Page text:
Tag Archives: John Noble

Fringe – “Northwest Passage”

“Northwest Passage”

May 6th, 2010

I didn’t necessarily need to go back to review last week’s episode of Fringe, considering that I saw it quite a few days late and it wasn’t particularly spectacular, but there was some interesting conversation about the show on Twitter that I wanted to comment on. Alan Sepinwall, having moved to his new home at HitFix was asked on Twitter about why he wasn’t writing about Fringe at the new site, and he responded by noting that the show had fallen out of his rotation before the move, and it just wasn’t compelling to him at this point. This resulted in responses begging Alan to reconsider, as the episodes since the Spring hiatus have been particularly strong and no one could understand why he remained unmoved.

I was more compelled by the show’s Spring episodes than Alan, but watching “Northwest Passage” I found myself thinking back to his commentary – while there are some fun elements of this episode, there is a manipulative quality to the episode which keeps me at a distance from the story at hand. The conclusion is big and bombastic, but it ends up having nothing to do with the episode itself, and I find the show at its most frustrating when it creates moments which seek to overpower, rather than crystallize, earlier elements in each episode. It’s the sort of crass serialization that got Abrams in trouble on Alias, and I think the show needs to be wary of it.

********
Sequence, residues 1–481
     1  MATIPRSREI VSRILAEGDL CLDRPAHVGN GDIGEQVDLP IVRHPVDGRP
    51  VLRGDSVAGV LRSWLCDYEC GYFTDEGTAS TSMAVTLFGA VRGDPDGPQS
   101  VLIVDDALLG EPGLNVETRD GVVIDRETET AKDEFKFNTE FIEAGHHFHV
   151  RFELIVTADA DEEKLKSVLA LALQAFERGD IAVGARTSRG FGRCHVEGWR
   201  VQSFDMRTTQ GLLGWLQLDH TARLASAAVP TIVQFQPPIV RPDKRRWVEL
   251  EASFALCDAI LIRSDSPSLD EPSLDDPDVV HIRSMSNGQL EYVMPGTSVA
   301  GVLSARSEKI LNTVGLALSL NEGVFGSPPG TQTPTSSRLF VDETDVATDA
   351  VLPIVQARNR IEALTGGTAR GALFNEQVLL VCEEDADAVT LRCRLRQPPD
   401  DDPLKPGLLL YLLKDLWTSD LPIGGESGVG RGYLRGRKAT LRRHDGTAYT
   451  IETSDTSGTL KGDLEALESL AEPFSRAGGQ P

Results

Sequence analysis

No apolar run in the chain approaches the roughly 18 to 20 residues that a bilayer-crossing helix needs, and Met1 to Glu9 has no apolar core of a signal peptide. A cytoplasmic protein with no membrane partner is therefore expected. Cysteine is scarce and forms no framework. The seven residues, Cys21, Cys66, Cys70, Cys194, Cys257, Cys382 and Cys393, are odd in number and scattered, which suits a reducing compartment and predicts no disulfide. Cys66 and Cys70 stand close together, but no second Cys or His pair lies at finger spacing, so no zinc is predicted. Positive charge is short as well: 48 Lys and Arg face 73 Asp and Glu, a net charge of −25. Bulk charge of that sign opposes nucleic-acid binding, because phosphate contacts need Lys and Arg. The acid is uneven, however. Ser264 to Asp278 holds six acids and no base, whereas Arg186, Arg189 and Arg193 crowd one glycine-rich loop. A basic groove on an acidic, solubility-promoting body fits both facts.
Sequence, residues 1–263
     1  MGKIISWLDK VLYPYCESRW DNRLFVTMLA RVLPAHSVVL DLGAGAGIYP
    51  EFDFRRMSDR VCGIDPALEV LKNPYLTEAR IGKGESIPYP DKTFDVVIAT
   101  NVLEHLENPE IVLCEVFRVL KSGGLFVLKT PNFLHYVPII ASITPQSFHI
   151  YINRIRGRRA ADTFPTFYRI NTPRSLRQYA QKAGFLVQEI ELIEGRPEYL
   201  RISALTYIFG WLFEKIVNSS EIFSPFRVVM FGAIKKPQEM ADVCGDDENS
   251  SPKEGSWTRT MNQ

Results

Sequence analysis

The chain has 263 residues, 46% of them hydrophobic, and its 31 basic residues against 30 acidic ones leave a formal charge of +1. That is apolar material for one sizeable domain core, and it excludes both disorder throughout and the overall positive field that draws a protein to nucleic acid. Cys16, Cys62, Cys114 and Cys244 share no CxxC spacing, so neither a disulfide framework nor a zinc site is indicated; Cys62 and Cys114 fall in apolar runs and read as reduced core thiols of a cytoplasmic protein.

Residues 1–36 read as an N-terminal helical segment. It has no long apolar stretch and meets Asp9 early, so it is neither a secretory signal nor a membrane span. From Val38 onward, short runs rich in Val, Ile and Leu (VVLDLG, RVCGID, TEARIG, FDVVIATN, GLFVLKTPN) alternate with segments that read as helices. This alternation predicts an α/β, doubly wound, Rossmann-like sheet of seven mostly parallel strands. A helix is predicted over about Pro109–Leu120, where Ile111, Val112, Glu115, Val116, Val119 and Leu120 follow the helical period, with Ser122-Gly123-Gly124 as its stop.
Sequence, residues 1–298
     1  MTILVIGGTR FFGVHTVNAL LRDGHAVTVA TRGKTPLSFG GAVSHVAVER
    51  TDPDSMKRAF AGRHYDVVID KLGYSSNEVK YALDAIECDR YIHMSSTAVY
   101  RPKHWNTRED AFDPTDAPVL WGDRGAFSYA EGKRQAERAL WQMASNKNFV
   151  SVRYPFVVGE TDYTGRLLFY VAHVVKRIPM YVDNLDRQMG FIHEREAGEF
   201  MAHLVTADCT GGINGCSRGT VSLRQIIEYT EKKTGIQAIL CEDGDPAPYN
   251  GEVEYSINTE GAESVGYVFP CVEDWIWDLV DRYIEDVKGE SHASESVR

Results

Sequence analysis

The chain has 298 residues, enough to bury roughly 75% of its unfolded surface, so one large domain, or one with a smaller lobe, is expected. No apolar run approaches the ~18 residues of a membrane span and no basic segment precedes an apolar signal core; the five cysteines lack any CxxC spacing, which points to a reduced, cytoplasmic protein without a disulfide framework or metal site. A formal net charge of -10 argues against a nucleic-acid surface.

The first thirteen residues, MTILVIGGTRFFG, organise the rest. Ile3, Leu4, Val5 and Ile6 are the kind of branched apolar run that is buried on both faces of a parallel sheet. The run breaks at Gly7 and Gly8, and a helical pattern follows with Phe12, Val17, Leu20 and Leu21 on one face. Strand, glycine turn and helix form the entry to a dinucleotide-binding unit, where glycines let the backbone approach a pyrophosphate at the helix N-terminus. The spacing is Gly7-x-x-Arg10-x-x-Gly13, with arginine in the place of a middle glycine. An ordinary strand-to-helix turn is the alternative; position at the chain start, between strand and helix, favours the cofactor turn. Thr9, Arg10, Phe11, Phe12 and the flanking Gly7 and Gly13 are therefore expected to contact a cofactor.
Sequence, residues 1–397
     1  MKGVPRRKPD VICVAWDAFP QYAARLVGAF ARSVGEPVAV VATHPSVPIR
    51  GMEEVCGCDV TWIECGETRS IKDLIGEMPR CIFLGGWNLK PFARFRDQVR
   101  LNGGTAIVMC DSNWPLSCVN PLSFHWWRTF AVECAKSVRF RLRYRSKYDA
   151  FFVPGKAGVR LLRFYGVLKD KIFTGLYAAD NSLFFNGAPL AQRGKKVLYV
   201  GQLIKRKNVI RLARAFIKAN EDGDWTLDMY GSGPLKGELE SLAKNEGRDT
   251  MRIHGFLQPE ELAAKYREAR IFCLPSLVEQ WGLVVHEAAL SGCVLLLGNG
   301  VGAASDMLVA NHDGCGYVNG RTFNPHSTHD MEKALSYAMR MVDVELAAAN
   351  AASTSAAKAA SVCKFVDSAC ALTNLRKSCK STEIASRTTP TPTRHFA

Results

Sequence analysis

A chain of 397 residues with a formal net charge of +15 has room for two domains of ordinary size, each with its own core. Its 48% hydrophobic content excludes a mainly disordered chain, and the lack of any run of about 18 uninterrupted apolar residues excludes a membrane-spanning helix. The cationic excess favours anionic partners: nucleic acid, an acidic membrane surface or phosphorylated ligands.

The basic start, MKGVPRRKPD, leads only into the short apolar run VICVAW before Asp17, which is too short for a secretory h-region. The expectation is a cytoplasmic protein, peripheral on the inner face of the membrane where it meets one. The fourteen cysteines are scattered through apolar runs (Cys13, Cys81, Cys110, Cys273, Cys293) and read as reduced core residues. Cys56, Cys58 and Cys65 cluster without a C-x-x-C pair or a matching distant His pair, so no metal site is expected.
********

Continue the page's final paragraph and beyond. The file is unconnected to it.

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Fringe – “The Man from the Other Side”

“The Man from the Other Side”

April 22nd, 2010

In a perfect world, I wouldn’t have been caught up in thesis edits last week, as I thought “White Tulip” was such a pitch-perfect installment of Fringe that it deserved some sort of mention. The episode had a twisty narrative which was meant to be disorienting rather than confusing, a standalone emotional struggle which echoed the serialized emotional struggle that Walter is dealing with, and Peter Weller in a really enjoyable guest turn which built to that absolutely fantastic penultimate scene which was so poetic that I didn’t really know how to react. It is without a question the show’s most arresting standalone story, and the kind of episode that both rewards long-term viewers (in providing another chapter to Walter’s struggles with his darkest secret) and crafts a compelling science fiction narrative in its own right.

I’ve written in the past about how I don’t necessarily think that this show is that much better when it becomes “serialized,” and that those kinds of standalone installments are just as capable of tapping into the emotional core of this series. “The Man from the Other Side” further demonstrates this point, to my mind: while effectively creepy and emotional in its own right, the clear return to serialization makes the episode actually feel more procedural than “White Tulip” was. It’s a solid episode, certainly another in a string of successful hours since the show returned from its hiatus, but I think I prefer a subtle nod towards the show’s serialized story than a traditional mystery surrounding the two universes.